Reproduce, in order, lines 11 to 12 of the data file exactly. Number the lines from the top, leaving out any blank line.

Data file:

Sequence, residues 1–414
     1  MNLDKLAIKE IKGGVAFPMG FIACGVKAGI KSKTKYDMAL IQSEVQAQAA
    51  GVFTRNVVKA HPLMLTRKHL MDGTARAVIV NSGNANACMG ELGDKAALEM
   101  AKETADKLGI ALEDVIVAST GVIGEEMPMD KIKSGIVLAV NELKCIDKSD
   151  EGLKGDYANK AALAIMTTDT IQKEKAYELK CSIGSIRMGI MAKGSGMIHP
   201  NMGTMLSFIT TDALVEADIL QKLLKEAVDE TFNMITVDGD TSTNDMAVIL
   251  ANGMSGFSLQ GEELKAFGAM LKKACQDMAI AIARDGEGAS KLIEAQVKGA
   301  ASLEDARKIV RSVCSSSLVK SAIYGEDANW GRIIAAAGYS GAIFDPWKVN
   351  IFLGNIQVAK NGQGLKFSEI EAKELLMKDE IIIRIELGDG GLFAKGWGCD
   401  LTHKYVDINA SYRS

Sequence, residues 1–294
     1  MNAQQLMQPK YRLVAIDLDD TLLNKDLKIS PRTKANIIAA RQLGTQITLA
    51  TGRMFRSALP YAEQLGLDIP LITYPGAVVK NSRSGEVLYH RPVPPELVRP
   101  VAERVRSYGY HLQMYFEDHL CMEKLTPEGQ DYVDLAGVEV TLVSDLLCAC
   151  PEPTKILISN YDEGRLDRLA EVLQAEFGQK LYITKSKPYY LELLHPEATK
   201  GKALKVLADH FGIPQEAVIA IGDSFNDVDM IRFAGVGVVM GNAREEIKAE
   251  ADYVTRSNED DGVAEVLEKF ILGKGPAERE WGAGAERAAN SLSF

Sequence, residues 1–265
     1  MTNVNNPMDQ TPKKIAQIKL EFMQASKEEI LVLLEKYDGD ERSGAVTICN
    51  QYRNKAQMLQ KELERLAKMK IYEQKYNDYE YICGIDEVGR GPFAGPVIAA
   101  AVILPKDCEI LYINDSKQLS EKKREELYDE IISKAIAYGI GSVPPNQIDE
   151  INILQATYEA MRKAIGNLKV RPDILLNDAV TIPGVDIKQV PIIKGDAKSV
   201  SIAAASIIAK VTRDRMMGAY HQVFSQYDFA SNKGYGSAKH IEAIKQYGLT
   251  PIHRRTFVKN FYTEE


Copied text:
Sequence, residues 1–294
     1  MNAQQLMQPK YRLVAIDLDD TLLNKDLKIS PRTKANIIAA RQLGTQITLA